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  • The Citizen’s Progress:Irony, Agency, and the Evolution of the Bildungsroman in Américo Paredes’s George Washington Gómez
  • Frederick Whiting

From the moment of its belated publication,1 the formal unorthodoxies of Américo Paredes’s George Washington Gómez have captured the attention of its readers and critics. In his introduction to the first published edition of the novel, Rolando Hinojosa apologetically remarks: “[i]t’s a first draft, and it should be seen as an historical work, not as an artifact” (5). Hinojosa’s separation of the historical and the literary, the factual and the artifactual, suggests a model of literary production and critical reception in which the novel’s purported shortcomings with respect to what he seems to consider the temporally autonomous rules of aesthetic form result in an imperfect structuring of historical content.

No doubt this impulse to separate history and aesthetics stems from Paredes’s own determination to publish the novel unrevised, in the form he had left it more than half a century before.2 But if we take seriously the notion that, in so doing, Paredes was presenting, as he describes it in the novel’s acknowledgments, an “archeological piece” (3), a different sense of the relation between literary form and the operations of ideology emerges. Thus understood, we do better to view George Washington Gómez less as a draft than as a record of the aesthetic possibilities available at a particular historical moment for negotiating that moment’s ideological conflicts. Indeed, we might better say, at two particular historical moments. For if the formal structure of the book Paredes composed in the late thirties/early forties responds to one set of historical needs, his decision in 1990 to publish it as it was indicates an evolved interest, from the vantage of the cultural historian, in the issues. The novel’s aesthetic possibilities, framed with respect to their moment of production, provide, in Michael McKeon’s formulation about genre, following Claudio [End Page 178] Guillén, “a problem-solving model on the level of form” (McKeon 1). As such they limn the conditions of possibility for agency and subjectivity at the moment of the novel’s composition.3 Their deployment fifty years later marks Paredes’s interest in the broader, ongoing dynamics of the Mexican-American subject.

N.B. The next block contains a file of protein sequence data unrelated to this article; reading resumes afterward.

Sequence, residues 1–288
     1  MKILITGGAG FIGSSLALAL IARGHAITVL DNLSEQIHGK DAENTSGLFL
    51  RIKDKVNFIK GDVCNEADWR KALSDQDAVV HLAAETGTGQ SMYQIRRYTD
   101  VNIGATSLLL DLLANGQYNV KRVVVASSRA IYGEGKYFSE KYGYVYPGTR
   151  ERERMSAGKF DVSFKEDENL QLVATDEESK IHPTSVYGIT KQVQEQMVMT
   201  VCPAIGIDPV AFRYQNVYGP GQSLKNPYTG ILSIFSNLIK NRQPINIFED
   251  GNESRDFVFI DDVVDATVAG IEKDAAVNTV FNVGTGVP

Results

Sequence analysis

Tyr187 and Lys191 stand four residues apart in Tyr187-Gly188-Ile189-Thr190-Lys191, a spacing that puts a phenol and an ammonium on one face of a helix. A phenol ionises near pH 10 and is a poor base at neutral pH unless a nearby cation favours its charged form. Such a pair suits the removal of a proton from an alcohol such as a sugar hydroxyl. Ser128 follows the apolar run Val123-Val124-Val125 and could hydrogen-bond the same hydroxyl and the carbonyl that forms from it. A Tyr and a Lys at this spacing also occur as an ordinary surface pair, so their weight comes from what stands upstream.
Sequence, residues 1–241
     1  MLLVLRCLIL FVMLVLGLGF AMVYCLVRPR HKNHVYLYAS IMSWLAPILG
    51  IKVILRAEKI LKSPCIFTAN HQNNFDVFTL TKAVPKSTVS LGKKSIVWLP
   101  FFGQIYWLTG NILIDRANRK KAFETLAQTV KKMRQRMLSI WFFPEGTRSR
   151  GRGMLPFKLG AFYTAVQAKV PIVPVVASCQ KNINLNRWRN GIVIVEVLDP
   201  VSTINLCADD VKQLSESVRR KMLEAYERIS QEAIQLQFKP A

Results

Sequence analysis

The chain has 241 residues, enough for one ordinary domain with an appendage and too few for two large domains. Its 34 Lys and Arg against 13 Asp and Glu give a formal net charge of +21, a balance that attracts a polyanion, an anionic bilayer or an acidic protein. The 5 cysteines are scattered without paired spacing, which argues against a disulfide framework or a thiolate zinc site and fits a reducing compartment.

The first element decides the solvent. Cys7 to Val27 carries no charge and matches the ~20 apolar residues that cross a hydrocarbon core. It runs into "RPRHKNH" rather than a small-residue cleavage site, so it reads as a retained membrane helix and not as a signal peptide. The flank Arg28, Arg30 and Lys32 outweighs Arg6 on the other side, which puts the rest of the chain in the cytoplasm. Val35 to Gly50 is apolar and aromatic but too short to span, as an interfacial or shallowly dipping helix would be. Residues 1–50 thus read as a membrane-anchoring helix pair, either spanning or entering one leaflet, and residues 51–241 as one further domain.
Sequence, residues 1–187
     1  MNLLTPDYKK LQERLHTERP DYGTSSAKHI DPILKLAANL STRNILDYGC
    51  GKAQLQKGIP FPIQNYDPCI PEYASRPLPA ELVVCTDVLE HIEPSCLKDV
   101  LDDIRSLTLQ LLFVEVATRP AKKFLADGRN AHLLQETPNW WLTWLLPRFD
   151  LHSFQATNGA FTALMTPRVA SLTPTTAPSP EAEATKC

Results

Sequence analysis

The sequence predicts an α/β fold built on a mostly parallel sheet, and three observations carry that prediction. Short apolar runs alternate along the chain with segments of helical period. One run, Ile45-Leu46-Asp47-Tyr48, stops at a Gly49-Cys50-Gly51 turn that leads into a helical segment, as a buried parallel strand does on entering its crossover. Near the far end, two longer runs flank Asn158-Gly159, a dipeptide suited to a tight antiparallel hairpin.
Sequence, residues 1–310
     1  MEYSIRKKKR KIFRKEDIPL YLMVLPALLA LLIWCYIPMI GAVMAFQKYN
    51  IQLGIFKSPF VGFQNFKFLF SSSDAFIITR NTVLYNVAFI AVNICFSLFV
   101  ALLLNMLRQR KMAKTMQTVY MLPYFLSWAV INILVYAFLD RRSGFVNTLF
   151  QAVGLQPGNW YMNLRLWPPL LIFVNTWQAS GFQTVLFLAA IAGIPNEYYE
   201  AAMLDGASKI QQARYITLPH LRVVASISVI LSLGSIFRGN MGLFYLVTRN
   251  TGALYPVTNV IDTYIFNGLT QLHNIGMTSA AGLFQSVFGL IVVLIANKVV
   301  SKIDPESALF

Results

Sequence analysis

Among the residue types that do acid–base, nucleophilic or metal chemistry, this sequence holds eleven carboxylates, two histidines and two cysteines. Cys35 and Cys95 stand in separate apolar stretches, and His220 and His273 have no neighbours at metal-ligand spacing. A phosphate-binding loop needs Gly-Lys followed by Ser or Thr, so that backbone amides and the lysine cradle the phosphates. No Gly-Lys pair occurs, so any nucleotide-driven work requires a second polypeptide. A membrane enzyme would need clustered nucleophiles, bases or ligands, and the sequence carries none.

Subsequent critics have been somewhat more integrated in approaching the problem of form and content while nevertheless keeping the issue of their relation at the center of concern. The majority of these have closed the gap by asserting that, far from being somehow inadequate to its representational content, the novel’s form is a manifestation of the ideological operations it represents. For Héctor Pérez, for example, the novel inflects the form of the Bildungsroman with a naturalism that is ultimately antithetical to the genre—with the result of ultimately circumscribing the protagonist’s agency. Similarly, María Josefina Saldaña-Portillo sees the protagonist’s subject formation as irreconcilably riven by the conceptual reductions that occur when a complicated Mexican racial economy is translated into the relatively less complicated, though no less discriminatory, US one. Likewise, for Christopher Schedler, “[t]he ever present gap in narrative meaning and sense of absence within the apparently unified subject points to the impossibility of closure for George G. Gomez’s identity or for Américo Paredes’ novel” (Schedler 172). And Leif Sorenson’s excellent reading of the novel stakes out yet another version of this homology between “failed” form and ideological unrest: “Each option, I contend, misses the mark, effacing Paredes’s critique of both forms [corrido and Bildungsroman] and the subjectivities they produce. In my view, Paredes’s rejection of both forms represents the conditions of cultural emergence with uncompromising rigor.” He concludes that “[w]e must face the disturbing realization that by the end of the novel, Chicano/a literary emergence seems impossible” (Sorensen 114, 135).

Various as their particular foci and concerns are, the majority of readings of the novel share a couple of clear, though not always explicitly asserted, suppositions. The first is that the novel’s formal irregularity registers a collapse or critique of its principal genre—Bildungsroman...


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pp. 178-196
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